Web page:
A more complete understanding of the present invention, as well as further features and advantages of the present invention, will be obtained by reference to the following detailed description and drawings.

BRIEF DESCRIPTION OF THE DRAWINGS

FIG. 1 is a block diagram of a communications system in which the present invention can operate;

FIG. 2 is a block diagram of an automatic call distribution (ACD) switch of a call center of the communications system of FIG. 1; and

FIG. 3 is a flow chart describing an exemplary implementation of a distributed resource allocation process incorporating features of the present invention.

DETAILED DESCRIPTION

The present invention provides methods and apparatus for allocating resources in a distributed environment that dynamically react to changing conditions. In particular, the disclosed resource allocation techniques make resource allocation decisions when resources become available. As used herein, a resource becomes available when the resource completes its previous work or becomes activated (i.e., when system conditions meet one or more specified system criteria).

In the context of a call center, a new call is not assigned or routed to a remote call center until the call center resource is available to process the call. In this manner, bandwidth between the switch where the call is received and the selected remote call center is not prematurely allocated to route the call to the remote call center, and such bandwidth is effectively reserved for only the duration of the customer conversation with the agent.

To achieve those goals every subsystem shares information about current subsystem conditions and any changes in those conditions. The work is queued locally on the subsystem when it arrives. As resources become available the work queued on local and remote subsystem is considered. The resource will be allocated to any remote subsystem requiring additional resources to meet its goals. Also, as remote subsystem conditions are changing the local subsystem will reevaluate possible commitment of its local resource to remote work.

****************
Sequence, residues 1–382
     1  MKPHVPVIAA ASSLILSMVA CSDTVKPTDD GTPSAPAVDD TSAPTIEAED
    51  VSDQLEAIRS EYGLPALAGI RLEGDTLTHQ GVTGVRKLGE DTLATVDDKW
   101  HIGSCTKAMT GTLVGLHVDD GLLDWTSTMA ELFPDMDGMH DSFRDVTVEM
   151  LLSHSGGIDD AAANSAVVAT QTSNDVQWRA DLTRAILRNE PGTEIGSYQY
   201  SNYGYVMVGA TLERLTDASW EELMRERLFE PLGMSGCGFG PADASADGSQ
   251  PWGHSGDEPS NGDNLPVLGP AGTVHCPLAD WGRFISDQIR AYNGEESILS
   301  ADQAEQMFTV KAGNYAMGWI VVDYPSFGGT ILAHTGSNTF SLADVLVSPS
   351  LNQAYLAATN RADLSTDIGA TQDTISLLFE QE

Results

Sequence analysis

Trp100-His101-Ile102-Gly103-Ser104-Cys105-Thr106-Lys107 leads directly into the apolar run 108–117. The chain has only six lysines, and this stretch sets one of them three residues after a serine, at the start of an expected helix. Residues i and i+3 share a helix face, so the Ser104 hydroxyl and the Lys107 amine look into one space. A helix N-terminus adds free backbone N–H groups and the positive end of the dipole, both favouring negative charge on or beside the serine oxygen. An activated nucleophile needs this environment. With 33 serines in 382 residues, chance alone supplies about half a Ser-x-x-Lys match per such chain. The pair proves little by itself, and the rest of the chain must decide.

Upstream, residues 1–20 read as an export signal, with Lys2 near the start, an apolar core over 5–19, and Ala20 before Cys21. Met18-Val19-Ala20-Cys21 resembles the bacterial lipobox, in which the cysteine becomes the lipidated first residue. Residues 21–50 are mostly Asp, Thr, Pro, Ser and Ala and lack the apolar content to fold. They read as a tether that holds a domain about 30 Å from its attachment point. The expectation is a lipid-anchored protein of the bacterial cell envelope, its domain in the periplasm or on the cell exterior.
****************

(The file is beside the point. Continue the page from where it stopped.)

In this manner, the present invention dynamically reacts to changing conditions by making the resource allocation decision at the time when resources become available, not at the time when the work enters the system. For example, the present invention can dynamically respond to changes in the size and availability of the qualified resources in the remote subsystems after the work has been queued anywhere in the enterprise system. The present invention allows an enterprise to dynamically react to changes in the availability of the enterprise resource pool, to optimize the work distribution throughout the enterprise.

FIG. 1 illustrates a conventional exemplary communications system. As shown in FIG. 1, the exemplary communication system comprises a plurality of networked call centers 143-145 respectively designated as “west”, “north”, and “south.” Call centers 143-145 are interconnected with each other, and with telephones 101-102 of callers who are potential users of call centers 143-145, via a telephone network 100. Calls from telephones 101-102 are distributed between call centers 143-145 by a conventional network call-routing system 150. Call centers 143-145 send system 150 reports on their present status, and system 150 uses this information to route each call to the one of the call centers 143-145 where the call will be handled based on predefined criteria, such as minimal call waiting time.